Cross-Cultural Insights from Two Global Mental Health Studies: Self-Enhancement and Ingroup Biases

Yasuhiro Kotera*, Amy Ronaldson, Daniel Hayes, Holly Hunter-Brown, Merly McPhilbin, Danielle Dunnett, Tesnime Jebara, Simran Takhi, Takahiko Masuda, Elizabeth Camacho, Ioannis Bakolis, Julie Repper, Sara Meddings, Vicky Stergiopoulos, Lisa Brophy, Clara De Ruysscher, Michail Okoliyski, Petra Kubinová, Lene Eplov, Charlotte ToernesDagmar Narusson, Aurélie Tinland, Bernd Puschner, Ramona Hiltensperger, Fabio Lucchi, Yuki Miyamoto, Stynke Castelein, Marit Borg, Trude Gøril Klevan, Roger Tan Boon Meng, Chatdanai Sornchai, Kruawon Tiengtom, Marianne Farkas, Hannah Moreland Jones, Edith Moore, Ann Butler, Richard Mpango, Samson Tse, Zsuzsa Kondor, Michael Ryan, Gianfranco Zuaboni, Dan Elton, Jason Grant-Rowles, Rebecca McNaughton, Claire Harcla, Wouter Vanderplasschen, Simone Arbour, Denise Silverstone, Ulrika Bejerholm, Candice Powell, Susana Ochoa, Mar Garcia-Franco, Jonna Tolonen, Caroline Yeo, Ashleigh Charles, Jessica Jepps, Adelabu Simpson, Vanessa Kellermann, Olamide Todowede, Laura Asher, Michio Murakami, Liza Hopkins, Ngurzoi Jahau, Naoko Arakawa, Elisabetta Scanferla, Claire Henderson, Mike Slade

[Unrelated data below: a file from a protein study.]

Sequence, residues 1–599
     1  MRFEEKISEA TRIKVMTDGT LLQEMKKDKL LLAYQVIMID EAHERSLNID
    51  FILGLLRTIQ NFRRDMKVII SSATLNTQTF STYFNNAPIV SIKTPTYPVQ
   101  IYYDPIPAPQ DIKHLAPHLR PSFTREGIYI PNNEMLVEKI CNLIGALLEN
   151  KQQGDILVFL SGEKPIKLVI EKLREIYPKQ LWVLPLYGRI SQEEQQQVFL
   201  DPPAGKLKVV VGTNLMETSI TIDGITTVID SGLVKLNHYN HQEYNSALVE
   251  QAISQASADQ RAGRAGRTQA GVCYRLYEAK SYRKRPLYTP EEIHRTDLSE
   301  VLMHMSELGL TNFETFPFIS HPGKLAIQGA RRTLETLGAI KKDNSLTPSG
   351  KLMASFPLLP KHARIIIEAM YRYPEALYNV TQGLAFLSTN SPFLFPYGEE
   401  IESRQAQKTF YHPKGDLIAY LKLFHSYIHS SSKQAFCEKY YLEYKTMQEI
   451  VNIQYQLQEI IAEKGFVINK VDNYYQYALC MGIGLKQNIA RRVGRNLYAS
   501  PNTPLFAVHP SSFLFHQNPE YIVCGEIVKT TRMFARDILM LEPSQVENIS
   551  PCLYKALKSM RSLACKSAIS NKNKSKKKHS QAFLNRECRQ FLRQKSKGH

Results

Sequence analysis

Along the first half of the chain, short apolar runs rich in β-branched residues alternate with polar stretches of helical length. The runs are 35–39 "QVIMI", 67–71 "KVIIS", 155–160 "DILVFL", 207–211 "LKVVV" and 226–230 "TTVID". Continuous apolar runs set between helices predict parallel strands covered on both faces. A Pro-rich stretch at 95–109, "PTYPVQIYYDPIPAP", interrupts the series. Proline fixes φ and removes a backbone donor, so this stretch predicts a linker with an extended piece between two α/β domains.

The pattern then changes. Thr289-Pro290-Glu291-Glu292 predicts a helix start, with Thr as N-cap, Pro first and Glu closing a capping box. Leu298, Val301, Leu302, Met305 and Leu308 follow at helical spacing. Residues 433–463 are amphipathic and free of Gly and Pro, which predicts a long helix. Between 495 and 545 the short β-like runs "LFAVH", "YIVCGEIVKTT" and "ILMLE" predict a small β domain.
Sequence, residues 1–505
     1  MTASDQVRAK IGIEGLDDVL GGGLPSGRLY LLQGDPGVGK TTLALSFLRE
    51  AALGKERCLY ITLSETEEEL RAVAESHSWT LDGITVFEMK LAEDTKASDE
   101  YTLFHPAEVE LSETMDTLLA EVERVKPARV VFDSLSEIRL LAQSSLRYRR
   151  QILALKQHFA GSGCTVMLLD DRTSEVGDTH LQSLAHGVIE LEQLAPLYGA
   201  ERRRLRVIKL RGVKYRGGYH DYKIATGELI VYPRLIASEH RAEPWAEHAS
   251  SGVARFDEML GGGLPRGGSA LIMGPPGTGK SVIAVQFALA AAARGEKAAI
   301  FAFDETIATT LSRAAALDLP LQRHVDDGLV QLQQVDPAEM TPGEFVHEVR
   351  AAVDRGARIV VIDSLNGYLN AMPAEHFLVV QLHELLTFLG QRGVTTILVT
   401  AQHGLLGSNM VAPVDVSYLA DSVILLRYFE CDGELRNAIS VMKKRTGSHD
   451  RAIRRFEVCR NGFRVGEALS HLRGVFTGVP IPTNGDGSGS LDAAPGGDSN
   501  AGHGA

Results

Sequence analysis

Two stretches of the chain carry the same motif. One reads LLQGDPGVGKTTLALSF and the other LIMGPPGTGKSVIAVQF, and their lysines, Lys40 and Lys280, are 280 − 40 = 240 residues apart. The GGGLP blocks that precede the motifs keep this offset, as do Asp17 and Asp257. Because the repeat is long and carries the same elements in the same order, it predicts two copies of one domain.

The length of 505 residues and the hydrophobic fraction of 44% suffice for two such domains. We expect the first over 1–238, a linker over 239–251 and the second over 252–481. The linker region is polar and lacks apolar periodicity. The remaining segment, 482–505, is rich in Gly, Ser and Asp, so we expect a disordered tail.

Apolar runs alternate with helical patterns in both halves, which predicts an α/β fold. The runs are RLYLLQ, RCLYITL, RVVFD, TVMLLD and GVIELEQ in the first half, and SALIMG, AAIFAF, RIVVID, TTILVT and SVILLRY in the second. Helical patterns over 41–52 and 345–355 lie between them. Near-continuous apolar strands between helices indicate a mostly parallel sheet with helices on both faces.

*Corresponding author voor dit werk

OnderzoeksoutputAcademicpeer review

1 Citaat (Scopus)
7 Downloads (Pure)


This commentary highlights two cross-cultural issues identified from our global mental health (GMH) research, RECOLLECT (Recovery Colleges Characterisation and Testing) 2: self-enhancement and ingroup biases. Self-enhancement is a tendency to maintain and express unrealistically positive self-views. Ingroup biases are differences in one’s evaluation of others belonging to the same social group. These biases are discussed in the context of GMH research using self-report measures across cultures. GMH, a field evolving since its Lancet series introduction in 2007, aims to advance mental health equity and human rights. Despite a 16.5-fold increase in annual GMH studies from 2007 to 2016, cross-cultural understanding remains underdeveloped. We discuss the impact of individualism versus collectivism on self-enhancement and ingroup biases. GMH research using concepts, outcomes, and methods aligned with individualism may give advantages to people and services oriented to individualism. GMH research needs to address these biases arising from cross-cultural differences to achieve its aim.

Originele taal-2English
Tijdschrift International Journal of Mental Health and Addiction
StatusE-pub ahead of print - 8-mei-2024


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